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178 "He means that Baptism, which is the sacrament of initiation, was not so profitable without the Lord's Supper, which ancients called the sacrament of perfection or consummation."-W. W. Compare also sec. 24, note, and p. 140, note 3, above.

179 See sec. 20, note, and sec. 21, note, above.

180 Gen. i. 20.

181 Gen. ii. 7.

182 John iii. 5.

183 John iv. 48.

184 1 Cor. xiv. 22.

185 "Fundasti super aquas," which is the Old Ver. of Ps. cxxxvi. 6. Augustin sometimes uses a version with "firmavit terram," which corresponds to the LXX., but the Authorized Version renders the Hebrew more accurately by "stretched out." In his comment on this place he applies this text to baptism as being the entrance into the Church, and in this he is followed by many mediaeval writers.

186 Ps. xxiii. 5. Many of the Fathers interpret this text of the Lord's Supper, as Augustin does above. The fish taken out of the deep, which is fed upon, means Christ, in accordance with the well-known acrostic of IlQUS "If," he says in his De Civ. Dei, xviii. 23, "you join the initial letters of these five Greek words, Ihsou=j Xristoj qeou= Uio/j Swt'hr, which mean, `Jesus Christ the Son of God, the Saviour, 0' they will make the word ixquj,,-that is, `fish, 0' in which word Christ is mystically understood, because He was able to live, that is, to exist without sin in the abyss of this mortality as in the depth of waters." So likewise we find Tertullian saying in his De Bapt. chap. i.: "Nos pisciculi, secundum IXQUN nostrum Jesum Christum in aqua nascimur; nec aliter quam in aqua permanendo salvi sumus." See Bishop Kaye's Tertullian, pp. 43, 44; and sec. 34, below.

187 1 Tim. v. 6.

188 Gen. iii. 8.

189 Ps. lxix. 32.

190 Rom. xii. 2.

191 1Tim. vi. 20. See p. 153, note 7, above.

192 Jer. ii. 13. See p. 133, note 2, and p. 129, note 8, above.

193 Rom. xii. 2.

194 1 Cor. xi. 1.

195 See p. 71, note 3, above.

196 Gal. iv. 12.

197 Ecclus. iii. 17, etc.

198 1 Cor. viii. 8.

199 Matt. x. 16.

200 Rom. i. 20.

201 In his De Gen. con. Manich. i. 20, he interprets the dominion given to man over the beasts of his keeping in subjection the passions of the soul, so as to attain true happiness.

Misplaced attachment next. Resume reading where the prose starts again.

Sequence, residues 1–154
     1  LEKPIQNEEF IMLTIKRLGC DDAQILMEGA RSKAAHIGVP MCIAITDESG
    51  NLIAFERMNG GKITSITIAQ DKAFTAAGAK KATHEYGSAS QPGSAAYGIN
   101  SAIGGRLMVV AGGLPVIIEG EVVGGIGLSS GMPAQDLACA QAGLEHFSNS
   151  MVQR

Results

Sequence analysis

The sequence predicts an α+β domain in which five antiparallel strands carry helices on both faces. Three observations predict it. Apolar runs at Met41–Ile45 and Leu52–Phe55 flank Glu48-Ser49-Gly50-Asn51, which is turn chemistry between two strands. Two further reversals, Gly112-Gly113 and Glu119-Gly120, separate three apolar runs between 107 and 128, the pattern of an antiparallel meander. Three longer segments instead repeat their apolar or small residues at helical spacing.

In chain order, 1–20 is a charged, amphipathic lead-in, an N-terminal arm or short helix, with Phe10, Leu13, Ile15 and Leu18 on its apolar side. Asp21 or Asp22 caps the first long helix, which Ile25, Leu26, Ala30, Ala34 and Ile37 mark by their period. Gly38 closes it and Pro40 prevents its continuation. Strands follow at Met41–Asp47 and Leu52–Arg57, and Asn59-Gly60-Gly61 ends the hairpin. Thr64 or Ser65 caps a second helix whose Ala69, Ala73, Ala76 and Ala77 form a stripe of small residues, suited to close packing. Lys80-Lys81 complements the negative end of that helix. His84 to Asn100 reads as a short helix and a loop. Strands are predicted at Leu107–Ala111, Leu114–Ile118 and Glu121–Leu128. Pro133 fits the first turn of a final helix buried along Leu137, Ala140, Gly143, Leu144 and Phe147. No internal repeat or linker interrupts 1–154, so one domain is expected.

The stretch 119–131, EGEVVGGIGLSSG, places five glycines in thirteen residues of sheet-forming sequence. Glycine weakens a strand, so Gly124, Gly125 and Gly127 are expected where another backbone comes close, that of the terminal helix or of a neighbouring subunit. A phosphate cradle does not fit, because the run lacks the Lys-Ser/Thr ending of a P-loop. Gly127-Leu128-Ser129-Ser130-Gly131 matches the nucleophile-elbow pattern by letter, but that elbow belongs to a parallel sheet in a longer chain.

202 As Origen has it: "The good man is he who truly exists." See p. 190, note 6, above; and compare the use made of the idea in Archbishop Thomson's Bampton Lectures, lect. i.

203 Rom. xii. 2.

204 Gen. i. 26.

205 1 Cor. iv. 15.

206 1 Thess. ii. 7.

207 Rom. xii. 2.

208 Jer. xxxi. 34.

209 Gen. i. 27.

210 Col. iii. 10.

211 1 Cor. ii. 15.

212 1Cor. ii. 14.

213 Ps. xlix. 20.

214 Eph. ii. 10.

215 Gen. i. 27.

216 Gal. iii. 28.

217 In his De Civ. Dei, xi. 3, he defines very distinctly (as he does in other of his writings) the knowledge received "by sight"-that is, by experience, as distinguished from that which is received "by faith"-that is, by revelation (2 Cor. v. 7). He, in common with all the Fathers who had knowledge of the Pagan philosophy, would feel how utterly that philosophy had failed to "find out" (Job xi. 7) with certitude anything as to God and His character,-the Creation of the world,-the Atonement wrought by Christ,-the doctrine of the Resurrection, as distinguished from the Immortality of the Soul,-our Immortal Destiny after death, or "the Restitution of all things." As to the knowledge of God, see Justin Martyr's experience in the schools of philosophy, Dialogue with Trypho, ch. ii.; and on the doctrine of Creation, See p. 165, note 4. On the "Restitution of all things," etc., reference may be made to Mansel's Gnostics, who points out (Introd. p. 3) that "in the Greek philosophical systems the idea of evil holds a very subordinate and insignificant place, and that the idea of redemption seems not to be recognised at all." He shows further (ibid. p. 4), that "there is no idea of the delivery of the creature from the bondage of corruption. The great year of the Stoics, the commencement of the new cycle which takes its place after the destruction of the old world, is but a repetition of the old evil." See also p. 164, note 2, above.

218 Jas. iv. 11.

219 Matt. viii. 20.

220 1 Cor. v. 12.

221 See sec. 29, note.

222 Gen. i. 28.

223 See p. 92, note 1, above.

224 See p. 189, note 2, above.

225 See p. 199, note 3, above.

226 See sec. 21, and note, above.

227 Rom. iii. 4, and Ps. cxvi. 11.

228 John viii. 44.

229 Gen. i. 29.

230 Ibid. ver. 30.

231 2 Tim. i. 16.

232 2 Cor. xi. 9.

233 2 Tim. iv. 16.

234 "Rationalem. An old epithet to most of the holy things. So, reasonable service, Rom. xii. 1, logiko'n ga/la; 1 Pet. ii. 2, sincere milk. Clem. Alex. calls Baptism so, Pedag. i. 6. And in Constitut. Apost. vi. 23, the Eucharist is styled, a reasonable Sacrifice. The word was used to distinguish Christian mysteries from Jewish. Rationale est spirituale."-W. W.

235 Ps. xix. 4.

236 Phil. iii. 19.

237 Rom. xvi. 18.

238 Phil. iv. 18.

239 Ibid. ver. 10.

240 Ibid. vers. 11-13.

241 Phil. iv. 14.

242 Compare p. 160, note 2, above.

243 Ps. iv. 1.

244 Compare his De Bono Conjug. ch. xxi., where he points out that while any may suffer need and abound, to know how to suffer belongs only to great souls, and to know how to abound to those whom abundance does not corrupt.

245 Phil. iv. 15, 16.

246 Ibid. ver. 17.

247 Matt. x. 41, 42.

248 1 Kings xvii. See p. 133, note 2, above.

249 We have already referred (p. 69, note 5, above) to the cessation of miracles. Augustin has a beautiful passage in Serm. ccxliv. 8, on the evidence which we have in the spread of Christianity-it doing for us what miracles did for the early Church. Compare also De Civ. Dei, xxii. 8. And he frequently alludes, as, for example, in Ps. cxxx., to "charity" being more desirable than the power of working miracles.

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